Turbulence in natural flows is an outstanding challenge with key implications for the energetics of planets, stars, oceans, and the Earth’s climate system. Such natural flows interact with waves, radiation or a combination thereof: surface waves and solar radiation on oceans and lakes, bulk waves and radiation inside the rapidly rotating and electrically conducting solar interior, etc. Standard simplified models often discard waves, radiation, or both, with dramatic consequences for the energy budget of natural flows: geostrophic models neglect waves, and Rayleigh-Bénard thermal convection considers heat diffusively injected through a solid boundary, in strong contrast with radiative heating. The purpose of the present multidisciplinary project is to develop a consistent and coupled description of natural flows interacting with waves and radiation, to properly assess their energy budget:
• Because resolving surface waves in global ocean models will remain out-of-reach for decades, I will derive and investigate reduced equations describing their two-way coupling to the ocean currents, with timely implications for the upwelling of nutrients, the strength of the global ocean circulation and ultimately CO2 sequestration and the climate system.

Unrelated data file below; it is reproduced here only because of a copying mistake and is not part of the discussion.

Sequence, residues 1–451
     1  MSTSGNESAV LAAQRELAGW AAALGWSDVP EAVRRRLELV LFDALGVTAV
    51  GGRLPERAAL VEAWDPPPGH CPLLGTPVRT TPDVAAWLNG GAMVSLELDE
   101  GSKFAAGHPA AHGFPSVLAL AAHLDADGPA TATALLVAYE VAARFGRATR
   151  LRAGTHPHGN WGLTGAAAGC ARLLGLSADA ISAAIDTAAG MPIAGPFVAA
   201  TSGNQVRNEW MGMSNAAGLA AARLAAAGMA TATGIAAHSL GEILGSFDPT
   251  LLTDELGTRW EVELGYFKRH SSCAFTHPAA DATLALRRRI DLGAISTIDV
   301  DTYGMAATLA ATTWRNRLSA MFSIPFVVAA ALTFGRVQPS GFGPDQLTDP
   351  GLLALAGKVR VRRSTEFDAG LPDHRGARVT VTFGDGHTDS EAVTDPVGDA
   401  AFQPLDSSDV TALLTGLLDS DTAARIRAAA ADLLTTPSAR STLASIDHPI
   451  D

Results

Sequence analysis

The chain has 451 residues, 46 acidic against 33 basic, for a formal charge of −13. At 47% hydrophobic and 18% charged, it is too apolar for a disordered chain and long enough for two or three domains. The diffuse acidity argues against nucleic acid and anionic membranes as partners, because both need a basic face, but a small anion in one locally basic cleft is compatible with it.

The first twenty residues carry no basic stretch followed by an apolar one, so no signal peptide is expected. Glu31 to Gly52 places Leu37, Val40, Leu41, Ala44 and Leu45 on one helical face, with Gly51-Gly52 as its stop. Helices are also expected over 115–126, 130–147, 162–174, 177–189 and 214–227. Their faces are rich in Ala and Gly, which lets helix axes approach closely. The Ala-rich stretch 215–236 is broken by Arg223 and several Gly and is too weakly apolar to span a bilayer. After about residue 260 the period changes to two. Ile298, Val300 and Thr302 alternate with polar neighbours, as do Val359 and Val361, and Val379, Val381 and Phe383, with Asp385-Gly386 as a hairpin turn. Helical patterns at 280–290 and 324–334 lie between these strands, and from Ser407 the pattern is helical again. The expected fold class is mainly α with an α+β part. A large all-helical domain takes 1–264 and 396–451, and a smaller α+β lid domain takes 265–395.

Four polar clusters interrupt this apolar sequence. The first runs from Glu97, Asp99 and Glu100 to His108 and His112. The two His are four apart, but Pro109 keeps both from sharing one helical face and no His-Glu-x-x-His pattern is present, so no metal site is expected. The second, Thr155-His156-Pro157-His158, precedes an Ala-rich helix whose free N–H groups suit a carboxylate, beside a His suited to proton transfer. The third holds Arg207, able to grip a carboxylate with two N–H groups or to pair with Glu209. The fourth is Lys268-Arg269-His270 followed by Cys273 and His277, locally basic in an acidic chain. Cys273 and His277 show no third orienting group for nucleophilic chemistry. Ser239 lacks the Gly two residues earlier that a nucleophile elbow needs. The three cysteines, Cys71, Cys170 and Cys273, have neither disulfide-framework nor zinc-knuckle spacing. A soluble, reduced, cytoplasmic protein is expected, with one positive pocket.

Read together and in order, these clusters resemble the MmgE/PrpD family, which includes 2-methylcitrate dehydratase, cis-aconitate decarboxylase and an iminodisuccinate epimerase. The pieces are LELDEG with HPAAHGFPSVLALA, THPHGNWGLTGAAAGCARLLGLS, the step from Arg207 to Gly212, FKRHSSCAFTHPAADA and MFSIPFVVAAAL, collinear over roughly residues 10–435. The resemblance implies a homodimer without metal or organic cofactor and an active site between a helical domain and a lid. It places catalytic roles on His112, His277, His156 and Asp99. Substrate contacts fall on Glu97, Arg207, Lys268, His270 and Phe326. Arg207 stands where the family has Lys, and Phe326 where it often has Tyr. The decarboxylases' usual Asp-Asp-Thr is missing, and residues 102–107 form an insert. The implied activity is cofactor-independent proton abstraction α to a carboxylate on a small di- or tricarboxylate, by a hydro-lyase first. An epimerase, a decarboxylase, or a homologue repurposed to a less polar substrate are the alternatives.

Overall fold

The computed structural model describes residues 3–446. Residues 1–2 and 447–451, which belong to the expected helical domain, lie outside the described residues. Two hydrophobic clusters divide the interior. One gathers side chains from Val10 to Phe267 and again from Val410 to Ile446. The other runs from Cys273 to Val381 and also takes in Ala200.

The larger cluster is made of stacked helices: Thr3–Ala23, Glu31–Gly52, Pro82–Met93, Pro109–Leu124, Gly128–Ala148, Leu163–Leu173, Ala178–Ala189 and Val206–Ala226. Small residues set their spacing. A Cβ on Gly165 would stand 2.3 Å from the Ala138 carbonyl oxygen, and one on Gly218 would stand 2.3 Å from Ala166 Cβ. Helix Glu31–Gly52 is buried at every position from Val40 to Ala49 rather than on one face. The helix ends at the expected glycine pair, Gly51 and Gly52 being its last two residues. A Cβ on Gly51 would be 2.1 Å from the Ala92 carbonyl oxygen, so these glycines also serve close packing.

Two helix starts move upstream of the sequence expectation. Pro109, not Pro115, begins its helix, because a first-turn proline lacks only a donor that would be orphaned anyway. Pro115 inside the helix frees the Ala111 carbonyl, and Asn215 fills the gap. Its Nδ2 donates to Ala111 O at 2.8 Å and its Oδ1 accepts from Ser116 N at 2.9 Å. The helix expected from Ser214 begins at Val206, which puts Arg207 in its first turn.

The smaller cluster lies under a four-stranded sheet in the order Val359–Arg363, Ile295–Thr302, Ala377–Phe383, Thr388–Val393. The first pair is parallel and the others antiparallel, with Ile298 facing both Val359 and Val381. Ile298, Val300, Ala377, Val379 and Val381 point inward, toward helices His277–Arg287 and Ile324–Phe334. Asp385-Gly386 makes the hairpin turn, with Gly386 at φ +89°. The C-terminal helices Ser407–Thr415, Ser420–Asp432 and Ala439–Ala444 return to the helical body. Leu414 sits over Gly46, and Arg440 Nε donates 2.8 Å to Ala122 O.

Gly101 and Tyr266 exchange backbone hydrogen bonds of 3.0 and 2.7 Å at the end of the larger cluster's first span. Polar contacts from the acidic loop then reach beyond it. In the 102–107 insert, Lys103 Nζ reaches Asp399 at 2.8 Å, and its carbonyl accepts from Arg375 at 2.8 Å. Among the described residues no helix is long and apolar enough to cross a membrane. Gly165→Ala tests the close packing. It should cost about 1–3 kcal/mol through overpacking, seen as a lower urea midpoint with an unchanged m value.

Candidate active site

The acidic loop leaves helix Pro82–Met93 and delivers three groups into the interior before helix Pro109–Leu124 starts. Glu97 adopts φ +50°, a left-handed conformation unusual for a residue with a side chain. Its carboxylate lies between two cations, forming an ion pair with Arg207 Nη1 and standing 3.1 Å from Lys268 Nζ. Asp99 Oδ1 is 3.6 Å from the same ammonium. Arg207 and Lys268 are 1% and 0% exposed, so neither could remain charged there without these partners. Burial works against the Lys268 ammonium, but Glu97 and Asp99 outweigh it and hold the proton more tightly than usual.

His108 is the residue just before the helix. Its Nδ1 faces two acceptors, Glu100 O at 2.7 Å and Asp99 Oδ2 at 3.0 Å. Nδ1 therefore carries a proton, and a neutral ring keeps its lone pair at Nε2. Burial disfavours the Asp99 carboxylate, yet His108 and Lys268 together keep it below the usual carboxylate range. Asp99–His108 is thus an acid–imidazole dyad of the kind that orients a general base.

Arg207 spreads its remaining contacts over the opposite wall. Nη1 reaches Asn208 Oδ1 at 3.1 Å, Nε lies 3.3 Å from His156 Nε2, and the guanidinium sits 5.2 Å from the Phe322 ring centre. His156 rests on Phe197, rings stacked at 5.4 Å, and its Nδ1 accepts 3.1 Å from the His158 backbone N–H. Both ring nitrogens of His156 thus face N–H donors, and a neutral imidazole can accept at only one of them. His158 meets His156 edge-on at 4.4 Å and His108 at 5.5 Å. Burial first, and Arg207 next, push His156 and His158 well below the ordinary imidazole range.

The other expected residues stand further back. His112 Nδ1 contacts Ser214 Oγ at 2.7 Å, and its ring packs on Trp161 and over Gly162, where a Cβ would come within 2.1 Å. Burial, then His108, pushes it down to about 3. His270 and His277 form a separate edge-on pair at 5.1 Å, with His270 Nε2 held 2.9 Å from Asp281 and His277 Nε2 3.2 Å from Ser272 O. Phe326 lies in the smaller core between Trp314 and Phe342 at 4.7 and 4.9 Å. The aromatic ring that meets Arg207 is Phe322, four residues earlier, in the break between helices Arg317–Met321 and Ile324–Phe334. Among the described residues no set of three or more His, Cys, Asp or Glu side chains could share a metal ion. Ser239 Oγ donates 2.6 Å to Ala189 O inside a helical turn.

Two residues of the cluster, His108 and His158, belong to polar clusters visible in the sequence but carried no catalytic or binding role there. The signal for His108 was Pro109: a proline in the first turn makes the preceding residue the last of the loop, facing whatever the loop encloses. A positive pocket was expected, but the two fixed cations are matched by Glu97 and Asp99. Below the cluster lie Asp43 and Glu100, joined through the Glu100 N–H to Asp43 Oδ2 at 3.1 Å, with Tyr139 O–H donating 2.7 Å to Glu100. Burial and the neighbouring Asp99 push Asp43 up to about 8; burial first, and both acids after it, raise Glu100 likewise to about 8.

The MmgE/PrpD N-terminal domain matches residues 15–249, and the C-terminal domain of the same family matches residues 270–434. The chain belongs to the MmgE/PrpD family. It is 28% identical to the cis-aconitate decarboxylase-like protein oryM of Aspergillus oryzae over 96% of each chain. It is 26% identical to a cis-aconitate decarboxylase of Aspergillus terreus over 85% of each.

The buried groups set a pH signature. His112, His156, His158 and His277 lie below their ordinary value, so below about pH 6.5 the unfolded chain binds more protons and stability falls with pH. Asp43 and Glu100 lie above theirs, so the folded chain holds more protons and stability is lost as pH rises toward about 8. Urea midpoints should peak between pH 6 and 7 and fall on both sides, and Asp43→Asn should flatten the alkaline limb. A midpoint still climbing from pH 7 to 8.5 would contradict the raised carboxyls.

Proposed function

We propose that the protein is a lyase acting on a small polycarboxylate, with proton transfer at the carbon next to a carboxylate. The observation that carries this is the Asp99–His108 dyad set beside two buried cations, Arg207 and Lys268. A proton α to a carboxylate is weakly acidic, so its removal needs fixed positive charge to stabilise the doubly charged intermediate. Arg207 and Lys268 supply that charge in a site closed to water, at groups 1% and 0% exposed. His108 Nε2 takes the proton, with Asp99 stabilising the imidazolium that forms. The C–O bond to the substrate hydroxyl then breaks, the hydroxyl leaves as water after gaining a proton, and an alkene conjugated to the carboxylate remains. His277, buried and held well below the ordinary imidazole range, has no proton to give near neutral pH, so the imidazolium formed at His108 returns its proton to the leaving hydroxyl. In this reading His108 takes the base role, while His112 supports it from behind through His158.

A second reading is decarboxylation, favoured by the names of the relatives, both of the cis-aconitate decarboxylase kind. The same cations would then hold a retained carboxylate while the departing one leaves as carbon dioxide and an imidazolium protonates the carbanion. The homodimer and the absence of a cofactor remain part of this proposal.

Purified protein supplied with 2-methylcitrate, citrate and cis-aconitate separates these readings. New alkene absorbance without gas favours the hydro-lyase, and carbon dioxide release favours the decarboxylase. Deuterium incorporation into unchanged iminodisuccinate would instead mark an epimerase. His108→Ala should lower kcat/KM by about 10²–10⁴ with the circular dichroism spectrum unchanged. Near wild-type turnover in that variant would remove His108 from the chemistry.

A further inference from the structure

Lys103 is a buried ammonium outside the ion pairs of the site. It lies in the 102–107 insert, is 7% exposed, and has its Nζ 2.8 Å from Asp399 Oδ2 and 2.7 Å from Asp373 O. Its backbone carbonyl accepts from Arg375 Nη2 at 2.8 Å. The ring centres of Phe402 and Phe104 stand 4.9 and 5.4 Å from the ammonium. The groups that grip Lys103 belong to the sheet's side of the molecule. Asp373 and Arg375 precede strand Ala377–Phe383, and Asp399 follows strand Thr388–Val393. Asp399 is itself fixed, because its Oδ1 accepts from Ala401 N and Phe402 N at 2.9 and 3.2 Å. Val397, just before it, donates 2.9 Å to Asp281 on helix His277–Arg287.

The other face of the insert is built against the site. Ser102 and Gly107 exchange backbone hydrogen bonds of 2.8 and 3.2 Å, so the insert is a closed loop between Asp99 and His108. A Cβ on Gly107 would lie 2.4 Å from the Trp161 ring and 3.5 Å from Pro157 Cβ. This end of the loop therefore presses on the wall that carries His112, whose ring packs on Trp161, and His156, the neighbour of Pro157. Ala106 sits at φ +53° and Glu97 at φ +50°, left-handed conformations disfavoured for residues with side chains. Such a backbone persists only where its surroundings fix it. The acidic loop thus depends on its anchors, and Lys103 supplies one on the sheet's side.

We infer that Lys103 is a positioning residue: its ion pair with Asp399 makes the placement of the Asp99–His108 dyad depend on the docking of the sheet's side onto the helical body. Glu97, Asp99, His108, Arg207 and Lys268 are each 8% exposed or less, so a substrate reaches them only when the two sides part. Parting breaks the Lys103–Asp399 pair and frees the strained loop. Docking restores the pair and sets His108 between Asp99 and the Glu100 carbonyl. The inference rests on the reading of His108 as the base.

• Building on my recent advances in the field of rotating and magnetohydrodynamic turbulence, I will derive a set of reduced equations to simulate such turbulent flows in the vicinity of the transition where bulk 3D waves appear on a 2D turbulent flow. This approach will allow me to reach unprecedented parameter regimes, orders of magnitude beyond state-of-the-art 3D direct numerical simulations (DNS).
• Finally, I will combine state-of-the-art DNS with a versatile experimental platform to determine the structure, kinetic energy and heat transport of turbulent radiative convection in various geometries. I will extrapolate the resulting scaling-laws to the ocean circulation, the mixing in lakes and the solar tachocline.
Fields of science
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